Last week saw markets imitating Fight Club. If you were brave enough to show up, you got beat up. And beat up stocks were, falling 3.1%. Their biggest one-week drubbing since May 2012.
Safe-haven stocks like Microsoft, Google and Intel took body blows all week. And Friday? That one left a mark. The first time in two years that the S&P spent an entire trading session below its uptrend channel. Translation? Things just got real. Those short, V-bottom rallies that have characterized almost every market bounce these last couple of years? We may not see one for a while.
Investors shouldn't be fazed by the recent pullback. We're only five percent off the highs. Traders? You'll want to sit on the sidelines for a bit. Avoid any big bets. Because this week will be telling. Should the beatings continue? Then we'll be adjusting our strategies to accommodate further downside.
Of course, there are any number of means to profit from the recent volatility. By investing with the trend, a similar correlation to a specific market, or an inverse correlation to the same. Many of which can be derived with some degree of probability by seasonal patterns (ever seen the upside probability during the five trading days bridging Rosh Hashanah and Yom Kippur?).
One such tactic, ideated by the firm's Brian Parker, was a play on the inverse correlation of the VIX and the S&P500. Given an extended and inordinately low level in the VIX volatility or fear index, we went long volatility options, prognosticating that seasonality and less-than-ordinary volatility would lead to a jump in the VIX. Conversely, the trade enabled us to raise cash while the market sold off - which it obviously did. And as the VIX doubled in less than two months, ascending from 11 to 24, the option values rose markedly. Click here if you'd care to learn more.
Politically, the nation has gone impotent.
Last week, a politically connected friend mentioned that Jeb Bush had placed assets into a blind trust. That this election, more than others, will come down to Florida and Ohio. Jeb, apparently, can do well in both.
Another Clinton v. Bush contest? The last twenty years have seen the advent of the electric car. The iPhone. Solar-powered homes. Fracking. Wonderful innovations throughout the field of biotechnology. Yet, like bed bugs, the Clintons and Bush's will not leave. Have we no newer, more timely candidates? Pelosi. Reid. McConnell. Bush. Clinton. American politics have become evolution-proof.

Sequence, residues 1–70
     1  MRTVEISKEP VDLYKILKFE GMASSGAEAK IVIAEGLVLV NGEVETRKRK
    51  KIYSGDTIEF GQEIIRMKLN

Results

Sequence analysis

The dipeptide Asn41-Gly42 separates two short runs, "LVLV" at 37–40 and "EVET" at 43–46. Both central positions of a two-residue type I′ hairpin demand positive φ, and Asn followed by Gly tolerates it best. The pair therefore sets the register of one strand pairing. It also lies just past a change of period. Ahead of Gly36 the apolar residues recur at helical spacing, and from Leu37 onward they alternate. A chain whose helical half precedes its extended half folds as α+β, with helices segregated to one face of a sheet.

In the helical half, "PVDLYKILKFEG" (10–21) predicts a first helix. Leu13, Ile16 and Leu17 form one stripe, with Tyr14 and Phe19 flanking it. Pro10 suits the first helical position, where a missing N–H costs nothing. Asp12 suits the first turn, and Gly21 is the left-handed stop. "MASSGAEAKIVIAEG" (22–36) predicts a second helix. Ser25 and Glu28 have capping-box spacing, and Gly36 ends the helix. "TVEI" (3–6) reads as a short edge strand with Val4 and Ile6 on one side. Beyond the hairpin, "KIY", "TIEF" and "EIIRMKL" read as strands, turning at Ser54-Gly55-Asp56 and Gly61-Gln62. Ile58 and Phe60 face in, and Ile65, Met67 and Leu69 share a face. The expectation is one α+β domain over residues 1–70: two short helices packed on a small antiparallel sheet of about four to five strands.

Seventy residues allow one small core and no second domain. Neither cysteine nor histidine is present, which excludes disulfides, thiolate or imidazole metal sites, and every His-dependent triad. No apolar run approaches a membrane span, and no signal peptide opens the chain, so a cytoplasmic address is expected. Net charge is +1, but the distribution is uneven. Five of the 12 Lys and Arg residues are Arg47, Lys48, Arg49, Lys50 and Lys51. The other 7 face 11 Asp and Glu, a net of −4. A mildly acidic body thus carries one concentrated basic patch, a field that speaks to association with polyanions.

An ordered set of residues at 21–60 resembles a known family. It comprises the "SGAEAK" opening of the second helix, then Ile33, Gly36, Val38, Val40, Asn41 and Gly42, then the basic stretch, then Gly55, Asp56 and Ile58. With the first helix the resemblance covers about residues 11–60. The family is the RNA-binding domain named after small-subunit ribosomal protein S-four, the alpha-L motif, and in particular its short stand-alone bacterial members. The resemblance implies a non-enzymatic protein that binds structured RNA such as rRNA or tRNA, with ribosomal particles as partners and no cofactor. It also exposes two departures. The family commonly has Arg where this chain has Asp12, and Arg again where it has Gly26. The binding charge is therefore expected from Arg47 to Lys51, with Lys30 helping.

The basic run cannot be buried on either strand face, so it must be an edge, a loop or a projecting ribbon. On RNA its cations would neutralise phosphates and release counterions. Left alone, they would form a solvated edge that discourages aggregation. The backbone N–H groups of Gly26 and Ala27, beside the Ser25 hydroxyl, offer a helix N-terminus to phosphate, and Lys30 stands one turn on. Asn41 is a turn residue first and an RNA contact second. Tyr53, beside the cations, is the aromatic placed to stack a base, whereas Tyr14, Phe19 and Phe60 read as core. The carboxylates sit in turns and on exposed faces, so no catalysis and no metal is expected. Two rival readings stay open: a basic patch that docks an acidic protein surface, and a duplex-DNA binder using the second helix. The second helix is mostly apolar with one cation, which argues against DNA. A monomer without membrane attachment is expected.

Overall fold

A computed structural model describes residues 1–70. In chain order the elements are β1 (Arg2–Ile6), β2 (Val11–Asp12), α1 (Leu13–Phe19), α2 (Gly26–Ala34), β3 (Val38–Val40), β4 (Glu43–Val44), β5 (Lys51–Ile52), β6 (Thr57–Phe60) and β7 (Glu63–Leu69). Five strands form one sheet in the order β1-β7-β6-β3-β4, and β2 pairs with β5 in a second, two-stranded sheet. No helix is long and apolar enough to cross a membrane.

This midterm, like all recent elections, has become a farce.
Democrats contend that the GOP is conducting a "war on women." The GOP wants to blame Obama for Ebola. Senate Majority Leader Harry Reid is all-but obsessed with the Koch brothers. Where's the foreign policy? Economic literacy? Philosophical ideas? They've gone the way of the bookstore. In favor of something that can be tweeted in 140 characters or less. Then made into a movie. So it can eventually generate video game royalties.
Along those same lines, President Obama gave a speech last week in which he touted his business bona fides. An attempt to calm the nation's commercial interests, I guess. He swore that he's not anti-business. "I actually believe that capitalism is the greatest force for prosperity and opportunity the world has ever known," he stated. Of course, when the president has to clarify such sentiment six years into his administration, one could argue a lack of clarity hereto now.
In Asia, fights broke out between pro-democracy protesters and anti-protest groups. Protest barriers were torn down. Punches were thrown. Then, police moved and separated the opposing factions. Some of the anti-protest groups spoke Mandarin, but could not speak Cantonese. Signaling that they may not have been from Hong Kong.
To the northeast, Russian units appear to be pulling back from the Ukrainian border. Further, Ukraine reports that there has been a reduction in Russian troops within its borders. So, that hotspot appears to be cooling. Though the U.S. and European sanctions against Russia appear to one of the catalysts for the recent European economic slowdown. Careful what you wish for...
Saudi Arabia has told oil market clients that it's comfortable with $80 per barrel oil. Sending crude to a 23-month low. All of which has stirred tensions in OPEC. With some calling this the beginning of the end for the cartel.
The theory holds that the Saudis want to knock down the price of oil in order to make less attractive the act of drilling for oil in the shale regions of Texas, North Dakota, Pennsylvania and Poland. A brutal tactic. But it could be effective.
Meanwhile, U.S. airstrikes have been largely ineffective against ISIS in Syria and Iraq. Leaving ISIS forces to advance into the suburbs of Baghdad where they claim to have 10,000 fighters. While an assault on Baghdad remains unlikely, ISIS is now in a position to direct weapons fire across the city. Certain military advisors are calling for the placement of boots on the ground. Seemingly right after U.S. troops were pulled out. All of which is contributing to recent market turmoil.
Major markets finished lower last week. The DJIA fell 2.74%, the S&P 500 dropped 3.14%, and the Nasdaq declined 4.45%. Small cap stocks declined 4.65%. And the 10-year Treasury bond yield fell 15 basis points to 2.28%. Gold rose $31.74 per ounce, or 2.66%.taking their biggest one-week beating since May 2012, .